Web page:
Throughout his life, Kyle Brnovich had heard about people coming together in times of need, such as following a natural disaster. But the 25-year-old had never experienced it firsthand.
That changed for the Orioles’ Minor League right-hander over the past two months.
Brnovich, who lives in Englewood, Fla., has been helping his town and the surrounding communities rebuild following the destruction caused by Hurricane Ian, which made landfall as a Category 4 hurricane in Florida in late September.
There was a lot of work to do. So Brnovich — who has many family members also living throughout southwest Florida — got right to it.
“It was just one of those things where you don’t even ask questions,” Brnovich said. “It’s just like, ‘What can I do? When can I do it? How fast can we get through this so we can help somebody else?’”
Brnovich’s older brother, Tyler, was living in California at the time of the hurricane and spread the word through Facebook that Brnovich was available to help. He partnered with non-profit organizations to conduct wellness checks on people who hadn’t reported themselves as safe following the storm, cleaned up debris throughout the area and began distributing goods.
The Orioles, whose team facilities and Spring Training complex are in Sarasota, got involved, too. Longtime Minor League equipment manager Jake Parker and team staff helped compile cases of water, gas tanks, ice and other supplies. Brnovich frequently drove up from Englewood to gather everything and then give it out to people in need.
“A lot of times, these organizations will talk a big game about helping out and stuff, and to actually see my own organization care for my community, my teammates’ community, all these other places, was really cool,” Brnovich said. “I’m definitely grateful and appreciative for all the help they did as far as helping me give out and help people in my town and the surrounding areas.”
It’s been nearly two months since Hurricane Ian’s landfall, but the relief efforts haven’t slowed as Florida continues to recover. In fact, Brnovich and the O’s have been just as involved of late.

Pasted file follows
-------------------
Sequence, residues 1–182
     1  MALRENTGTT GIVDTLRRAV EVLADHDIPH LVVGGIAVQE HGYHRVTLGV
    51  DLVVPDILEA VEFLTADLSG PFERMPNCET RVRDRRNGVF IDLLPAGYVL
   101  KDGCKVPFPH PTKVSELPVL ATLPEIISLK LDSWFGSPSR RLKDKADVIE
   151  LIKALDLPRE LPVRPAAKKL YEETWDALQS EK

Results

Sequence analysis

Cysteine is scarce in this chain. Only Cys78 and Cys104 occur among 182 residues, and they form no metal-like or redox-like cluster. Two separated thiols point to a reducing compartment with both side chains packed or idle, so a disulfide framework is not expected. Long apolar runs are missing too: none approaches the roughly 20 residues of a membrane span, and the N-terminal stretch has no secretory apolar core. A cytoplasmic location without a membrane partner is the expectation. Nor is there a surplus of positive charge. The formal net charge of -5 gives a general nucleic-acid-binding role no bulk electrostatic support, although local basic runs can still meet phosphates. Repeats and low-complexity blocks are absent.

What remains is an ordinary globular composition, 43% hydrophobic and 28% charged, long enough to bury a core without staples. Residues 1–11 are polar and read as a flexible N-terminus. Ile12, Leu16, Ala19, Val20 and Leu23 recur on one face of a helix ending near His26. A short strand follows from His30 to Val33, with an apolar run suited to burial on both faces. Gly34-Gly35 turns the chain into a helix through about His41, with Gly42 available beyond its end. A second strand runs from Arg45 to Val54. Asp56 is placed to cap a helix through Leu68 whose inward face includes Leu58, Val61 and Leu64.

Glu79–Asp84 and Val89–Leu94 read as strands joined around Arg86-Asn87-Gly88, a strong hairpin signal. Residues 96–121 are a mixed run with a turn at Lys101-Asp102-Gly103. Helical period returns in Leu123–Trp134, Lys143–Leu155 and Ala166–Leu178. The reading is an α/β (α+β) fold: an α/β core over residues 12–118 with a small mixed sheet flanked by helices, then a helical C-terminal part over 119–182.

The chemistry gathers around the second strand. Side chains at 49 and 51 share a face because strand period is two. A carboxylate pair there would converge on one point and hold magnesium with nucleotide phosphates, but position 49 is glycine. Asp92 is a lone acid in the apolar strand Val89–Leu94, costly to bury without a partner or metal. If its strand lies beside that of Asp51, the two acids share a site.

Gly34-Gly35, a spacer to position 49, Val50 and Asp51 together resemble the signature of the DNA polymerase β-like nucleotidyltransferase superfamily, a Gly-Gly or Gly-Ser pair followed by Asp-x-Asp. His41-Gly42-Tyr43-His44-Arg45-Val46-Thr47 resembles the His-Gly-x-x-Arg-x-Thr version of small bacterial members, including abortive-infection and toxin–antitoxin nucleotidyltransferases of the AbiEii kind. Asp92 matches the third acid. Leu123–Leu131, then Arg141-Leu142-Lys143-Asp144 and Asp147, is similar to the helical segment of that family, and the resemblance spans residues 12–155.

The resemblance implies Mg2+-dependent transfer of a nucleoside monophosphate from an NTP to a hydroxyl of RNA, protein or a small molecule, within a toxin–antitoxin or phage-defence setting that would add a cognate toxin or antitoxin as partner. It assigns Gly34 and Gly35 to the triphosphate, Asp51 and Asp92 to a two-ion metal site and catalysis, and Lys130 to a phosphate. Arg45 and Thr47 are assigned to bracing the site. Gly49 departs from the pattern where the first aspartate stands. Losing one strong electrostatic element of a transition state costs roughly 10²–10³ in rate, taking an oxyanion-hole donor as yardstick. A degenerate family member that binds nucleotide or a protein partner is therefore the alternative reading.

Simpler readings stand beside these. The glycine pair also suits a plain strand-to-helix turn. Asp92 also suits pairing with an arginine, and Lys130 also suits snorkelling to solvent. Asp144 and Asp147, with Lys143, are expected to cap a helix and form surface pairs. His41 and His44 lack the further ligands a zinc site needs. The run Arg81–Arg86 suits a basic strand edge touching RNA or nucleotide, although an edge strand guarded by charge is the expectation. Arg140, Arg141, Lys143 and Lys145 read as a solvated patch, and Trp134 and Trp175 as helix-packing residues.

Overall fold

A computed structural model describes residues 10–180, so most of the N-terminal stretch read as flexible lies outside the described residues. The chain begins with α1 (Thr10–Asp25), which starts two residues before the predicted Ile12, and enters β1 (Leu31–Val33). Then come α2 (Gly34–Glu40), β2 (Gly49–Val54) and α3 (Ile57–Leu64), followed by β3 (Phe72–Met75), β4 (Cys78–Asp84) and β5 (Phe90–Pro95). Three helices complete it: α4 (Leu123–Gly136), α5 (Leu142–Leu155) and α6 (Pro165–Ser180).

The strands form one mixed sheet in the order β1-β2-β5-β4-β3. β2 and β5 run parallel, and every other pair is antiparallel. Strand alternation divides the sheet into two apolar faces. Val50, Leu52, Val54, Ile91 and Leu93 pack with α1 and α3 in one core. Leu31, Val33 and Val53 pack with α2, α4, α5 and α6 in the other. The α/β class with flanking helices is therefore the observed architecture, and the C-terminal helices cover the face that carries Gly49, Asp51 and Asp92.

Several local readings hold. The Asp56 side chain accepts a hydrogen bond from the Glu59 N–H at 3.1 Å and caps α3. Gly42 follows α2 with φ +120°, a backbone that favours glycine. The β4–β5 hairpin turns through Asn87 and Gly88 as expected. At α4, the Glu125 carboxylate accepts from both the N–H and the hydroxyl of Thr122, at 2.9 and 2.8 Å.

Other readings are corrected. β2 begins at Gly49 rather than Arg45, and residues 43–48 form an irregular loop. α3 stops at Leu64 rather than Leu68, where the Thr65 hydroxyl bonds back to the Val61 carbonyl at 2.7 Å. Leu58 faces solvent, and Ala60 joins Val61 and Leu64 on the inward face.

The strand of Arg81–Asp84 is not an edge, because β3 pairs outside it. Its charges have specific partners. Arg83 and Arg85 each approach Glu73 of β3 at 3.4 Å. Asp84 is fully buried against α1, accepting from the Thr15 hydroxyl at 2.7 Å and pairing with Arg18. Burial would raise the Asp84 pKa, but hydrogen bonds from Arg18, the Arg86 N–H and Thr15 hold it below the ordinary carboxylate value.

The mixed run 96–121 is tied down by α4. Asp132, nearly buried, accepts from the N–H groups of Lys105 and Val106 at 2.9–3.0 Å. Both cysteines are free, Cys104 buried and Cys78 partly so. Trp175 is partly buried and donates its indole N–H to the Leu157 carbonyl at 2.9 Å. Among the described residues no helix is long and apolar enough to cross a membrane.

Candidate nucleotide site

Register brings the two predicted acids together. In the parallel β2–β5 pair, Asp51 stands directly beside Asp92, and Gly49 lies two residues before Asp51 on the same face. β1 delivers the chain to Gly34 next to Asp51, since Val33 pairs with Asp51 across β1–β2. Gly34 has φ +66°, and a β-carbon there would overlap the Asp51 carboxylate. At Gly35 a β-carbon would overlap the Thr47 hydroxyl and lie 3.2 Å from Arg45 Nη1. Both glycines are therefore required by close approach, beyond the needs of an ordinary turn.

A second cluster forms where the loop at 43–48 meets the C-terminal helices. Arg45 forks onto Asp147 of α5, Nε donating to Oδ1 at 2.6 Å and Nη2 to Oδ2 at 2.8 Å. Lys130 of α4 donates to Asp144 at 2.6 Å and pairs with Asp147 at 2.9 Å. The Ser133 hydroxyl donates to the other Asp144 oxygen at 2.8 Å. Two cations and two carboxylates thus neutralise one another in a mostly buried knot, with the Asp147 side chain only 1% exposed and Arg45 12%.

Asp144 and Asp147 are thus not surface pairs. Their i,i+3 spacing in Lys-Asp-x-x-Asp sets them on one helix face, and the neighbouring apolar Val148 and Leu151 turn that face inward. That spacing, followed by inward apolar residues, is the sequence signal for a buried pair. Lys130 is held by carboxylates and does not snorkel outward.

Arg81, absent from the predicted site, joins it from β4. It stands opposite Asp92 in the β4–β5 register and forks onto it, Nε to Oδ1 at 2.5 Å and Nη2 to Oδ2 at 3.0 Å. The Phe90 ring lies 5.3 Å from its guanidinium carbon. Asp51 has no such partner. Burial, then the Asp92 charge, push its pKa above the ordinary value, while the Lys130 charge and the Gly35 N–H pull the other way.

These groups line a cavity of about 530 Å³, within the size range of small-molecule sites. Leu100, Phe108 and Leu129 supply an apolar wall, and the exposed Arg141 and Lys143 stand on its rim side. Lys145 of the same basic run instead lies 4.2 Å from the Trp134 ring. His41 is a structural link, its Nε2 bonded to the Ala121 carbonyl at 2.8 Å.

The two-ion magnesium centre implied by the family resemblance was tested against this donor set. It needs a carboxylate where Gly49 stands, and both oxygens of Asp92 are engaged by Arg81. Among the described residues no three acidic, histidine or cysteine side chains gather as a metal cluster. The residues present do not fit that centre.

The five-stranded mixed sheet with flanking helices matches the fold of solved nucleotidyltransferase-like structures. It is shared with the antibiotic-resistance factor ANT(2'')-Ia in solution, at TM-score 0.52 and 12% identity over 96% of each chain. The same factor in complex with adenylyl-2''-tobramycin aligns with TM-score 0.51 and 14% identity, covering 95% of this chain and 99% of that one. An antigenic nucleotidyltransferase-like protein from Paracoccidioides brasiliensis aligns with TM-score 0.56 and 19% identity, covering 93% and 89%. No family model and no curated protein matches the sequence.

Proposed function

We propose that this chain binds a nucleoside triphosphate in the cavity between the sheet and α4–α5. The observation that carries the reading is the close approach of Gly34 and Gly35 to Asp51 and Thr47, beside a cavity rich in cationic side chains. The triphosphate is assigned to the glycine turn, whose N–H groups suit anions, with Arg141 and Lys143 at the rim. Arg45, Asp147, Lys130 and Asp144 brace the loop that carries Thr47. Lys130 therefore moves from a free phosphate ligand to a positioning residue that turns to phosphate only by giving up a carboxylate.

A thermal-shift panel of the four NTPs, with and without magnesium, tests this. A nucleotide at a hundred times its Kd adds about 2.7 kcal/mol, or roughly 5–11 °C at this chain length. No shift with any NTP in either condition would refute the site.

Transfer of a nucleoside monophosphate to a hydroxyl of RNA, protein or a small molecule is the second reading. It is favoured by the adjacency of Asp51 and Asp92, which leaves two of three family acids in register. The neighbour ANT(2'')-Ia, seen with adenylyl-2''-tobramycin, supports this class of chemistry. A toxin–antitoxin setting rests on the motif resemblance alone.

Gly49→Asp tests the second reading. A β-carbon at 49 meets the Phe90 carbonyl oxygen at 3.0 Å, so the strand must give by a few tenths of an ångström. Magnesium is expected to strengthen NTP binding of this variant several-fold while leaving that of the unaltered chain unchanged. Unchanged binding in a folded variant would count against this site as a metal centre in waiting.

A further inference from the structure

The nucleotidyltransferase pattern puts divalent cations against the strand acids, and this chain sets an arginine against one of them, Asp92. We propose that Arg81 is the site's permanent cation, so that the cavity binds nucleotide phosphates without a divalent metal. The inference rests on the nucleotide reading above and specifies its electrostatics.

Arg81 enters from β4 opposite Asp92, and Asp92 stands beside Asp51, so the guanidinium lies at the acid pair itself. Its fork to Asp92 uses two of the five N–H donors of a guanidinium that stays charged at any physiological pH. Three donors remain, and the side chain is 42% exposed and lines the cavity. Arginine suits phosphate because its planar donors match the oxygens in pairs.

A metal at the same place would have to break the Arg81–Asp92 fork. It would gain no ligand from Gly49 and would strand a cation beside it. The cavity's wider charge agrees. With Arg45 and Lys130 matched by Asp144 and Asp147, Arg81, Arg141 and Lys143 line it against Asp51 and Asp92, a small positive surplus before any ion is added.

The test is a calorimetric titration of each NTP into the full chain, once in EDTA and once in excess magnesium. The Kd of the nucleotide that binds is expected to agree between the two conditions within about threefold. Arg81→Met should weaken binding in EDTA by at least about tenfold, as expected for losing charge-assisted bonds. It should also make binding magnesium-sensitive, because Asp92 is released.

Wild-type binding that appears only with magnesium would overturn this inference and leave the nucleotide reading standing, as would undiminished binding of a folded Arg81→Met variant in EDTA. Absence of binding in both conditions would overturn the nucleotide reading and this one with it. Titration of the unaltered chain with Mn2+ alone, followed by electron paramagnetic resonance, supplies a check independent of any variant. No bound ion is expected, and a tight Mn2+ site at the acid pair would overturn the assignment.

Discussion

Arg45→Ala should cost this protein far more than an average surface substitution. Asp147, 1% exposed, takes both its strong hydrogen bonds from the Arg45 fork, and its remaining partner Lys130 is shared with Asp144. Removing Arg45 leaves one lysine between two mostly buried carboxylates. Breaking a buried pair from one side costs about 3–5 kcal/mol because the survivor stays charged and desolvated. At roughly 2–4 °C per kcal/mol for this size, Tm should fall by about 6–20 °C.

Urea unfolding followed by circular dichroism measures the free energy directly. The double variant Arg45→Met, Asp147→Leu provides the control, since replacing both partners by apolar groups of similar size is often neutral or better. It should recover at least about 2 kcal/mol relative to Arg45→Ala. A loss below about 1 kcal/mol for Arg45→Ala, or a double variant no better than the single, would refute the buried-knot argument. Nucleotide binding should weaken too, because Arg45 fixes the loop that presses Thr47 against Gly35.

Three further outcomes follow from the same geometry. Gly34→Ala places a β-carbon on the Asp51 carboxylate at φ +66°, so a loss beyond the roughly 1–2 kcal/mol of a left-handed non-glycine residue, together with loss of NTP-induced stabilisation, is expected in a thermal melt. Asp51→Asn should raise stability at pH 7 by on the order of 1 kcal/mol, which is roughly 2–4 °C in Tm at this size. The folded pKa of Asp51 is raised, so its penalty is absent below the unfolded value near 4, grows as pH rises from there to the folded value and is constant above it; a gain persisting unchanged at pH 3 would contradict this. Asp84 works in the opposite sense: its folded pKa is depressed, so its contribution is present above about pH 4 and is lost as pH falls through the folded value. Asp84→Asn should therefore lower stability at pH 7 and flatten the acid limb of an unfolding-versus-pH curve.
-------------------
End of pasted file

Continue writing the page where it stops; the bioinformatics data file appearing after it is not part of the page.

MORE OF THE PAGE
Last Thursday, the Orioles’ annual “ThankFull” Thanksgiving turkey distribution event took place at Ed Smith Stadium in Sarasota. The team again partnered with All Faiths Food Bank to help out more than 2,000 families in need by supplying them with food for the upcoming holiday. This year it was especially beneficial, given the condition of the area of late.
Among the O’s players and staff who volunteered at the event were Brnovich, Minor League first baseman Jacob Teter, Minor League manager Christian Frias, senior vice president of community development and communications Jennifer Grondahl, community ambassador and former big leaguer Brian Roberts, senior director of Florida operations Trevor Markham and manager of event operations and community engagement Shelby Thorpe.
“We feel so privileged to have this opportunity,” Grondahl said. “This has been a challenging year for a lot of families, and knowing that we can make a small contribution with our time and with the support that we provide to All Faiths Food Bank, it’s everything to our team. It’s part of who we are organizationally, it’s part of our fabric to give back to the community and it’s just something we look forward to every year. I really honestly can’t wait to be back down here for it.”
“The feedback you get from those people when you see them smile and light up and just how appreciative they are, that’s everything, you know?” Brnovich added.
The turkey drive isn’t the only occasion for which the Orioles and All Faiths Food Bank come together. The club partners with the relief organization throughout the year for various events. Grondahl said several initiatives have already been scheduled for 2023, including Spring Training collections, food distributions at the ballpark on non-game days and more.
They’re all examples of the southwest Florida communities helping those in need. And it’s that feeling of togetherness that has made a challenging fall a rewarding time for Brnovich.
“All of a sudden you have neighbors like you’ve never seen in your life and you’re like, ‘Oh hey, how are you?’ That was pretty neat,” Brnovich said. “At the end of the day, I think everybody’s getting through it and coming along, and we’re all doing the best we can.”